It is quite an idyllic life it seems, but Hemery has always worked hard for his success and that isn’t going to change. “I competed at a time when we were denied the opportunity to earn through our sport endeavours,” he says matter-of-factly.

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With the ‘running as a hobby’ philosophy firmly in mind, Hemery qualified as a teacher and taught A-level economics, commerce, and life philosophy as well as remedial weight training, basketball and athletics at Millfield School for two years.

He was subsequently recruited to become the first director of the Sobel Sports Centre in London, then for seven years was head track coach at Boston University, where he taught coaching ideas and ideals in the grad school.

While there – and not content with the three degrees he already had – Hemery studied part-time for his doctorate in education, which was largely social psychology. “I have a huge interest in the power of the mind,” explains Hemery. “The dissertation was based on interviews with 83 world or Olympic champions from 22 sports and resulted in the book, Sporting Excellence – what makes a champion.”

When he returned to the UK, he joined Sir John Whitmore and David Whitaker as performance consultants and after a year of running workshops for various sports on the benefits and skill of mentoring, the trio spent most of their time with blue chip companies, introducing the skill and importance of questioning and listening, to balance the traditional telling style of management.

“I refer to it as ‘the coaching dance’, as both asking and telling is needed. It has been my passion ever since, to have parents, teachers, coaches and managers recognise the benefits and need for adopting this balanced style,” reveals Hemery.

He then goes on to explain his views on an aspect of coaching that remains a topical issue – the extent to which an athlete should take ownership for their training, as opposed to relying on their coach.

Hemery continues: “If we only tell and solve the performer’s problems and do the thinking for them, they become dependent, which is the opposite of what we want when they compete on their own. If we only ask questions, we frustrate them and undervalue our own experience and insights.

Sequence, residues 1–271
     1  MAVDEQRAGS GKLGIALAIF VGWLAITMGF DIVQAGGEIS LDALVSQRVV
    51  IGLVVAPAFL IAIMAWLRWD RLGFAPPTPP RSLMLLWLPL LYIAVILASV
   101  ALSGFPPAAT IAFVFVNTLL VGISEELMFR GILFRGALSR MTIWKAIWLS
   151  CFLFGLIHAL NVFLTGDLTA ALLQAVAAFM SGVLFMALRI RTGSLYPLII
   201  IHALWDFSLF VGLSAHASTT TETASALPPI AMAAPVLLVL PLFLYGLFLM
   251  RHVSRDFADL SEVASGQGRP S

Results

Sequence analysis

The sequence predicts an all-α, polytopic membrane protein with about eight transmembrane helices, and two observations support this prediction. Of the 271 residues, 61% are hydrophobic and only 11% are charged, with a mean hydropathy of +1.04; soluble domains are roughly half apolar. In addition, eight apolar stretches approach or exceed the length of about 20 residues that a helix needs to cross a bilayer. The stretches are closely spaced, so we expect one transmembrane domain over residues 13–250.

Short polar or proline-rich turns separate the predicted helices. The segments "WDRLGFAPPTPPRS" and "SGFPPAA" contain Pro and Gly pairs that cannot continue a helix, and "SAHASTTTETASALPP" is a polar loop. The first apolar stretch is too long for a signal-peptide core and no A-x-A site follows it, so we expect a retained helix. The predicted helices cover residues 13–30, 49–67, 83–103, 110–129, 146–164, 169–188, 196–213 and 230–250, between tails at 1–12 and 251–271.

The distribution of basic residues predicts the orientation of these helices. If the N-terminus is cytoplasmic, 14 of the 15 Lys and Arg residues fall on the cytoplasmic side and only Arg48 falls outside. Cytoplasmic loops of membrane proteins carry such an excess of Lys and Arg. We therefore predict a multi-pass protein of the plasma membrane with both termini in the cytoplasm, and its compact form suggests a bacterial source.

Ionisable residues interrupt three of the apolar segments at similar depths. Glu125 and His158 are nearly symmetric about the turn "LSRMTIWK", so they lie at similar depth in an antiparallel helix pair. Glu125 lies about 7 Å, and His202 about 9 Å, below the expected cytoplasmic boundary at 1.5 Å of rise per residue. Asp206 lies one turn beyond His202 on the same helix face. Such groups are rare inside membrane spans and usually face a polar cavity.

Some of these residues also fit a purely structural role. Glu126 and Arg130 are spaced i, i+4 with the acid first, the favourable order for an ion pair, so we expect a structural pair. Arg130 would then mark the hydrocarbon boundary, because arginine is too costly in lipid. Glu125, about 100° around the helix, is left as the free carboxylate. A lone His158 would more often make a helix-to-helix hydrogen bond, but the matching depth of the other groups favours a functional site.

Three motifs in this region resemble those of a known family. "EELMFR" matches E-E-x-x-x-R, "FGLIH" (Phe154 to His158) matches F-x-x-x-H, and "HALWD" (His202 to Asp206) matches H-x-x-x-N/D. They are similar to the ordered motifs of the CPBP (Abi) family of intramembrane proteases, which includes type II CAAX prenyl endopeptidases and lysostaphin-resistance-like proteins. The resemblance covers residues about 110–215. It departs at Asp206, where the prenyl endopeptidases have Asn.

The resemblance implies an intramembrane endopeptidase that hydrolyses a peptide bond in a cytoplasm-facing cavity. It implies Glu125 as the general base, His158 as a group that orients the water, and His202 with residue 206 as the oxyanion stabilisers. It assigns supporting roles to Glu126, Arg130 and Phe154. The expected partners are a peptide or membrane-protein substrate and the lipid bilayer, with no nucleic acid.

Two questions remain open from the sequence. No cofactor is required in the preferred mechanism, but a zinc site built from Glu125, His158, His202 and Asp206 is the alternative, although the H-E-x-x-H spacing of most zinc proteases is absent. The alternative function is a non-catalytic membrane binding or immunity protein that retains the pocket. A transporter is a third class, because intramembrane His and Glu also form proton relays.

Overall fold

“Hence the need to dance – asking and involving them and becoming co-responsible. For several years I ran the coach education workshops, teaching these mentoring skills to many UKA coaches.”

“I was lucky enough to have helped Sally Gunnell and Debbie Flintoff-King use visualisation to assist their results prior to their Olympic 400m hurdles wins. There is no substitute for consistent hard work, but my experience is that the mind is key”

In 2008, Hemery started the charity ‘21st Century Legacy’, under which they run the programme ‘Be the Best you can Be’.

Hemery explains: “It is run as a social enterprise, as we pay our special speakers, usually Olympians or Paralympians, to go into schools and to share their inspirational life stories. We ask young people to follow their own dreams, having a plan ‘A’ and a plan ‘B’. The intention is to inspire, engage and empower young people and awaken them to their potential.”

It seems, therefore, that Hemery wants to instil into today’s youngsters some of the drive and aspiration that he arguably possesses intrinsically, in order to help the next generation achieve their potential.

“I was lucky enough to have helped Sally Gunnell and Debbie Flintoff-King use visualisation to assist their results prior to their Olympic 400m hurdles wins. There is no substitute for consistent hard work, but my experience is that the mind is key,” reiterates Hemery.

Although he avoids the after dinner, pure entertainment speeches, he has been doing public speaking ever since his Olympic title, preferring to communicate motivational, educational messages woven into life stories.